• Catnip Inn

Trim my cat's nails?? ARE YOU CRAZY?!

Yes. I’m just a tad bit on the crazy scale. 😜

So…is it important to trim your cat’s nails? Simple answer? Yes. Yes, it is important to trim your cat's nails. Though sometimes, it won’t be necessary. It truly depends on your cat’s lifestyle and their habits.

Usually, if you have an outdoor kitty, you’d try to leave their claws alone so they can defend themselves; and they’re pretty good at maintaining their claws themselves. Indoor kitties could be the same, regarding maintenance. They’d usually maintain their claws by scratching on one of those corrugated boxes or a scratching post.

If that’s the case, why even trim their nails???

Simple, not all cats are the same.

Some indoor and outdoor kitties don’t quite know how to exactly maintain their claws, so their humans are left with that task. It is highly recommended that you keep an eye on the length of their claws. It’s for your safety and theirs. When a kitty doesn’t know how to maintain their claws, it grows too long and actually curls into the pads of their paws. OUCH!

Sadly, I’ve actually seen this, and though I was quite enraged that the “owner” of that kitty (for letting grow that long and not doing anything about it sooner), I was more worried about the little guy. You could tell by the way he would try not to put too much pressure on his paws that something was very wrong. His nails had curled into his paws and it had been stabbed into the flesh. After we had clipped his nails, which was no easy task because we could tell he was hurting, he was so very relieved. I don’t know if it was just me, but he looked so relieved - like he could breathe easier. When he tested out his steps, though he was still in a bit of pain, he had actually put his paws fully flat (even though he was still a bit shaky).

So you see, trimming your kitty’s nails is quite beneficial for their health. Sometimes, you don’t often see it, but they get their claws stuck in something and sometimes it bleeds. It’s nobody’s fault. Kitties love to play, they love to touch things they shouldn’t be touching, they love to goof around with playmates. So, checking on their claws at least once a week, or bi-weekly, is a good thing.

Now, big question: how in the heck do you get your kitty to sit still for a nail trim??

That’s the question of the day, isn’t it?

This is my trick: get them used to it at a young age, or right when you get them. Set a time every day, or every other day, where you’d sit down and hold your kitty on your lap and start playing with their paws. Hold onto their paws, start pushing their nails out, but don’t do anything yet, start letting them get used to soft yet firm touches – they’ll definitely pull away (usually ALL THE TIME) – but they’ll eventually get used to you touching them. Then set a day each week, or bi-weekly, to try and trim their nails.

For me, I trim my kitties’ nails every week. Why? Because these little buggers love to sharpen them right after I trim them! Lol.

How do I do it? Well, they’re so used to it, that I just sit them on my lap and they let me trim their nails. I got them used to it that they only ever flinch if they’re too hyper and want to play with everyone else. I’ve got one kitty, Evan, who actually growls at me every single time I trim his nails. But then he also licks my face, so it’s confusing. Is he mad at me but still loves me at the same time and wants to show it?? Who knows?! LOL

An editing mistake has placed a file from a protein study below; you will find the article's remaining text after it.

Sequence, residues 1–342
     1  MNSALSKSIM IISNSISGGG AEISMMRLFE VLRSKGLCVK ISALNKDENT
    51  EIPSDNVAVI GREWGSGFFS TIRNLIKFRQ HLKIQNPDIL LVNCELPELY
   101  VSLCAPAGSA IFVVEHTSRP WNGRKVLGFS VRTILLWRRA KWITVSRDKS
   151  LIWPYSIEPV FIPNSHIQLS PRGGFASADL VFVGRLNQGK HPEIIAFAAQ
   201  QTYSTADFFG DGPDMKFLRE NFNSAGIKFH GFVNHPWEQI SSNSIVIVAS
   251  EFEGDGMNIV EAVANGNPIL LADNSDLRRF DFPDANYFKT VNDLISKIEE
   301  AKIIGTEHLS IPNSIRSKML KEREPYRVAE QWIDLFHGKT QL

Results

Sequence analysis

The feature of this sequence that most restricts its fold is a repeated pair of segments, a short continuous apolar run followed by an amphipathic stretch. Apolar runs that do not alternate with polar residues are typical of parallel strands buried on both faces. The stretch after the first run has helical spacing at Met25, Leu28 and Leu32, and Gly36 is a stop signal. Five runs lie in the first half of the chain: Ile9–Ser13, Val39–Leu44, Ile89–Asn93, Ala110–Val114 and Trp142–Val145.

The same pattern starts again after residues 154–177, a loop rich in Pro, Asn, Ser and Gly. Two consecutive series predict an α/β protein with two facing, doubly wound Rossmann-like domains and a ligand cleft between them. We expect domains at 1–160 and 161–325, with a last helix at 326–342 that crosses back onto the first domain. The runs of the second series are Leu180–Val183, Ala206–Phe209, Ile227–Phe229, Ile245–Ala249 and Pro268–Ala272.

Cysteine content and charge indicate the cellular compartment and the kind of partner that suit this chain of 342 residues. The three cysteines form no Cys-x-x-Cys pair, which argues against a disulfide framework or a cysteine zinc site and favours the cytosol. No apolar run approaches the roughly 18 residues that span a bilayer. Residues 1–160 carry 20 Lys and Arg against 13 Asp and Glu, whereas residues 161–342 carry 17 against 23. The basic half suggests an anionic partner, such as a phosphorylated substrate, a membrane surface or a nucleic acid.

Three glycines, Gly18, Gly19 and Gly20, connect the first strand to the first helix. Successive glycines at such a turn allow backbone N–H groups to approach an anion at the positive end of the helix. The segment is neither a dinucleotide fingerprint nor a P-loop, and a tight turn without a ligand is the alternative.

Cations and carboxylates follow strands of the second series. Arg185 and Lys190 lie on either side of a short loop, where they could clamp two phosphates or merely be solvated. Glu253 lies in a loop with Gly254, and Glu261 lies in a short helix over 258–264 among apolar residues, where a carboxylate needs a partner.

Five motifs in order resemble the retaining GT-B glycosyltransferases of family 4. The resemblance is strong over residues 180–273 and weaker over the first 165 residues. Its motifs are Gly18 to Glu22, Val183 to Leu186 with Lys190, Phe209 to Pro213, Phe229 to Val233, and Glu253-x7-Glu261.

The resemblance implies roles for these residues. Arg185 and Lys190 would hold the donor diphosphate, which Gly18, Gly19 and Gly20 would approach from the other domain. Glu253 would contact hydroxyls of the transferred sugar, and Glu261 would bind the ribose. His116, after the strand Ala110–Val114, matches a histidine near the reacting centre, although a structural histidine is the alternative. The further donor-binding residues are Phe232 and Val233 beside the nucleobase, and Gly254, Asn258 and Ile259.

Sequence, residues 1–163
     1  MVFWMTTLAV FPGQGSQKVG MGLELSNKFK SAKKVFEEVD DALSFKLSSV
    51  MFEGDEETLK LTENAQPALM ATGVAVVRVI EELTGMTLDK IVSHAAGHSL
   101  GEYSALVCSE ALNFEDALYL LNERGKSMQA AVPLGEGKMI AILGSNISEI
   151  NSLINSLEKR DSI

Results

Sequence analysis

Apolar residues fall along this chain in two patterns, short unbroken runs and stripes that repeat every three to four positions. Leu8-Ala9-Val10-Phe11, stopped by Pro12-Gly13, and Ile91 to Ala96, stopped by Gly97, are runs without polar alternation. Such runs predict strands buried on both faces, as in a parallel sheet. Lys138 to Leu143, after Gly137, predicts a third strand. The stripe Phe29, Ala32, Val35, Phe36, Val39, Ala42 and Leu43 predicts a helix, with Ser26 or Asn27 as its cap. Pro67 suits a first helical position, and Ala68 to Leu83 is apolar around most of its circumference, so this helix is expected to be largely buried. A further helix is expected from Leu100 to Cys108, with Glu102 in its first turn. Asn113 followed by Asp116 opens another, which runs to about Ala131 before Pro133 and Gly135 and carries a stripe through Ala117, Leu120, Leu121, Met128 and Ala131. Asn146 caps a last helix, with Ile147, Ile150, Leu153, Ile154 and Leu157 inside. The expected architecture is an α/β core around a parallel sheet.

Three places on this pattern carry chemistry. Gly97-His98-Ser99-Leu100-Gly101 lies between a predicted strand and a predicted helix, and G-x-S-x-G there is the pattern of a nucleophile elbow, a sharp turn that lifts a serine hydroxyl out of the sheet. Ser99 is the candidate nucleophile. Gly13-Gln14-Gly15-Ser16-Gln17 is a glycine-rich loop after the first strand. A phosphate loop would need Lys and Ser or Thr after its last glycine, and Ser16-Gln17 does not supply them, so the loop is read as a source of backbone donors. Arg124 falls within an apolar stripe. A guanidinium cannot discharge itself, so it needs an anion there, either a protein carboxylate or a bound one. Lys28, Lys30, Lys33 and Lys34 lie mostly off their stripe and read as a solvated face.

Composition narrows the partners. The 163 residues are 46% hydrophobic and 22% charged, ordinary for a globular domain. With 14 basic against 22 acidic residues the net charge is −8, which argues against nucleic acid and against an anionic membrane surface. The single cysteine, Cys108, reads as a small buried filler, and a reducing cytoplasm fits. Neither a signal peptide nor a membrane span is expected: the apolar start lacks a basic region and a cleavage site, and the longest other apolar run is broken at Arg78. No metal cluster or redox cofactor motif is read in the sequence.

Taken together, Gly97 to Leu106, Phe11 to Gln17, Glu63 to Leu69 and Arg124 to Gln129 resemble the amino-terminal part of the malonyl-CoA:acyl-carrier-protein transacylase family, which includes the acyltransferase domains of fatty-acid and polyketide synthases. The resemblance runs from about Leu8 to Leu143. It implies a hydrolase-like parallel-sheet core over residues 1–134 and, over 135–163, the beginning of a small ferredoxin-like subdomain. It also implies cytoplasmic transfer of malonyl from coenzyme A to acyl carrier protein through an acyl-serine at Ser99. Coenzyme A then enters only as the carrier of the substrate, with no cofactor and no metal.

One very important thing to learn:


What the heck is a "QUICK"??? Well, simple explanation is, the quick is the pink part of your kitty's nails. This is where the nerves and blood vessels are located, make sure you DO NOT cut this very sensitive area or your kitty will get hurt and bleed out a bit. Please see picture:

Push their nail out from its retracted state, like such:

Then, you'll be able to see the QUICK (which you should avoid) and trim off the really sharp part of their nails.

Now, another very important thing: NAIL CLIPPERS/TRIMMERS. It's important to get the proper tools to get this job done correctly and painlessly. You will find lots of nail trimmers out in pet stores, and they even sell some at the dollar stores. Try not to buy the ones from the dollar stores because they can be quite dull and will probably be good to use just once. Here are some good examples of sturdy and sharp nail trimmers:

As you can see, one of them has a spring-action thing going on. Makes it easier to handle for people with bigger hands. I have both, but I often use the one without the spring - just my preference. You can find these at your local pet stores, or you can order them online at Chewy's or even Amazon. Please be careful when trying to trim your own kitty's nails with some of these clippers, sometimes, they aren't sharp enough, and they can actually hurt your kitty.

Overall, if you truly want to learn how to trim your kitty's nails, go to a groomer and have them teach you some techniques. They are the pros, and you can be too!

I know I missed a few weeks of blogs, so I will make up for it by posting one blog entry for the next two days following this one. If there's any questions you'd like answered, please don't hesitate to comment what content you'd like to see!

Well, folks, I hope you learned something today!

As always, be kind to each other, be kind to animals, love your pets!


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